Press play to listen to this article
PARIS — In the final days of France’s presidential election, it was perhaps the last-minute controversy President Emmanuel Macron would have liked to avoid.
The publication last weekend of a decree announcing the blending of France’s 800-strong diplomatic corps into a larger single pool of senior civil servants prompted outrage among politicians and usually loyal diplomats. They argue the move is a first step toward wiping out the country’s traditional career diplomats – just when they are urgently needed with the war in Ukraine.
To some, the decree is the culmination of Macron’s defiance toward a diplomatic corps that he regards as elitist and homogeneous. The risk, many say, is to see France drift toward a U.S.-inspired model of ambassadors who are political or prestige appointees close to the president, but who are less able to handle an increasingly volatile geopolitical situation.
“Being a diplomat is a real job, it implies competence and field experience,” said Sylvie Bermann, a former French ambassador who served in China, the U.K. and Russia. “We could very well expand recruitment and make it more diverse without destroying the diplomatic corps.”
She added that the decree risks seeing the political recruitment of ambassadors who then delegate their work to deputies who don’t necessarily know how to represent their president in a foreign country.
The decree says France will gradually phase out career diplomats’ current status, merging it into a single civil service status that was created last year, and under which they can expect to work across different departments during their careers. Several diplomats said it is unclear how the new status will impact the mechanics of diplomats’ appointments.
Until now, French ambassadors were career diplomats who often joined the foreign ministry after graduating from the elite civil service school, the National School of Administration (ENA), or by passing competitive exams that propelled them into a career exclusively in the French foreign service.
“With the reform, we will create a more concentrated, more diversified hub of civil servants, with perhaps an agricultural expert who can become an ambassador,” one government official said.
The decree is part of a wider plan initiated when Macron took office in 2017 to make France’s civil service less elitist and more socially diverse. That also included closing the highly selective ENA, which has trained the country’s ruling class since 1945, and replacing it with a new Institute of Public Service (ISP).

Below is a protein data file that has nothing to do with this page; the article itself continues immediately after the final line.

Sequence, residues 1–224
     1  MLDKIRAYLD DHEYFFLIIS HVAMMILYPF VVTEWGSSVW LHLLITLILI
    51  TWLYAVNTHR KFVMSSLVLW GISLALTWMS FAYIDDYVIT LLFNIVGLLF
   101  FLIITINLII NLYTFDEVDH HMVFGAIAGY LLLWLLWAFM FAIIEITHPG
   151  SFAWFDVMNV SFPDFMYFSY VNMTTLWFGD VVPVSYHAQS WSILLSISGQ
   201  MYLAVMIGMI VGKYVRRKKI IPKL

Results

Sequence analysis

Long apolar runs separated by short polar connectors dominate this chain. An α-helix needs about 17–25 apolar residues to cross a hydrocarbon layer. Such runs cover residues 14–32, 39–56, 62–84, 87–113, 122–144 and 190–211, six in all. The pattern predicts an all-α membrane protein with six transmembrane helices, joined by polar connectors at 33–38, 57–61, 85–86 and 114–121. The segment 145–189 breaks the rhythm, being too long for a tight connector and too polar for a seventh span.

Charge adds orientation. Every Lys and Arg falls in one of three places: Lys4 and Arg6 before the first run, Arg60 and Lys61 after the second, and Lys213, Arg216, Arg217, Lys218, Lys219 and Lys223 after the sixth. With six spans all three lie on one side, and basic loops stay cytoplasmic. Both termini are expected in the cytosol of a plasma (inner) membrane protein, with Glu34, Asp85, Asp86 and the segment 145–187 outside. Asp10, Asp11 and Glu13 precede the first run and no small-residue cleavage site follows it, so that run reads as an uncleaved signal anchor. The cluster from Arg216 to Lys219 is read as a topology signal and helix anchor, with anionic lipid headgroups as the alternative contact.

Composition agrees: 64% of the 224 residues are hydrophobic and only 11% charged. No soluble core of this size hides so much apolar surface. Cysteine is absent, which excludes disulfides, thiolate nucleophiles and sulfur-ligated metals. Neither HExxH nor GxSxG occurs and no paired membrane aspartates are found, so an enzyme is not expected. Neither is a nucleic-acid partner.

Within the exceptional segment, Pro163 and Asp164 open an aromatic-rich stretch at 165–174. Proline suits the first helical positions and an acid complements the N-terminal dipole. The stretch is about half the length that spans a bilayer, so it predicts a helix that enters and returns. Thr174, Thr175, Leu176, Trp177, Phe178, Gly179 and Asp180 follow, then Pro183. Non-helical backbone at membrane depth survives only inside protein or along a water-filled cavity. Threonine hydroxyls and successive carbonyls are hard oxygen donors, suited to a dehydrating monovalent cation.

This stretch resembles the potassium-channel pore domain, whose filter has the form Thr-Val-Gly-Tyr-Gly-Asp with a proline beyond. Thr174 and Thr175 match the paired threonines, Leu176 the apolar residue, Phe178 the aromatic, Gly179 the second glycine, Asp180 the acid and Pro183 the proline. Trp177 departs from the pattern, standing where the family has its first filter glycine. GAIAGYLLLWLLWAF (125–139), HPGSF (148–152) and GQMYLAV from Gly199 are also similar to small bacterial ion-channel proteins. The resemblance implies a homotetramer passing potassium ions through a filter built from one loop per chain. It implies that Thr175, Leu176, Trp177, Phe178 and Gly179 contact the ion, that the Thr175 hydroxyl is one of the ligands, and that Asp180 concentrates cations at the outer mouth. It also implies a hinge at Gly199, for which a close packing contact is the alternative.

Prime Minister Jean Castex wrote in an op-ed published in Le Figaro last year that the French civil service needed to be “modernized,” citing “a growing gap” between elite public servants making their careers in Paris-based ministries and the rest of the country.
Macron vs. diplomats
But diplomats and politicians warn that the decree risks undermining France’s model of diplomacy — and one of the largest networks in the world — and comes at a time of increased diplomatic tensions with Russia’s invasion of Ukraine.
“The door is now open to American-style nominations,” tweeted Gérard Araud, a former French ambassador to the U.S., referring to nominations made on political or financial grounds.
Former U.S. President Donald Trump, for instance, appointed Gordon Sondland, an American businessman and Republican Party donor, as ambassador to the EU, a move that raised eyebrows in Brussels.
Far-right presidential candidate Marine Le Pen was quick to criticize the decree. “He [Macron] wants to replace state servants with friends,” she tweeted, adding that if she were elected on Sunday – in the second round of the presidential election – she would “re-establish a diplomatic status based on merit and national interest.”
Diplomats also pointed to Macron’s tense relationship with them, recalling his 2019 warning of a risk of the French diplomatic corps becoming a “deep state.” Diplomats say they interpreted the president’s criticism at the time as directed at those who had earlier disagreed with him seeking stronger ties with Russian President Vladimir Putin.
“Macron’s approach to diplomats has been totally inadequate,” said one senior French diplomat, who spoke on condition of anonymity as they are not authorized to speak publicly to the media. “France is not Turkey and there is no deep state against the Elysée in French diplomacy.”
“We are profoundly loyal,” the diplomat added.
Pushing through the decree right now, with war in Ukraine, is seen as unfortunate as French diplomats are actively engaged there and Macron’s efforts to be on the frontline of negotiations with Putin mean he needs their support.
Etienne de Poncins, the French ambassador to Ukraine, was one of seven European ambassadors who stayed in the country weeks after the Russian invasion. “There are diplomats in Ukraine where bombs are falling …” the senior French diplomat said. “That requires experience, it requires field work, and let’s not forget the knowledge of foreign languages … [diplomats] become specialists with time and because of the diversity of situations.”
On Wednesday, Foreign Minister Jean-Yves Le Drian vowed to ease tensions and reassure diplomats that their expertise would not be cast aside and that the ministry’s competitive exam for diplomats who have special expertise in a language or an area would be maintained.
“It is clear that diplomacy remains a specific job in which one can develop a career,” Le Drian added in an interview with French weekly Journal du Dimanche.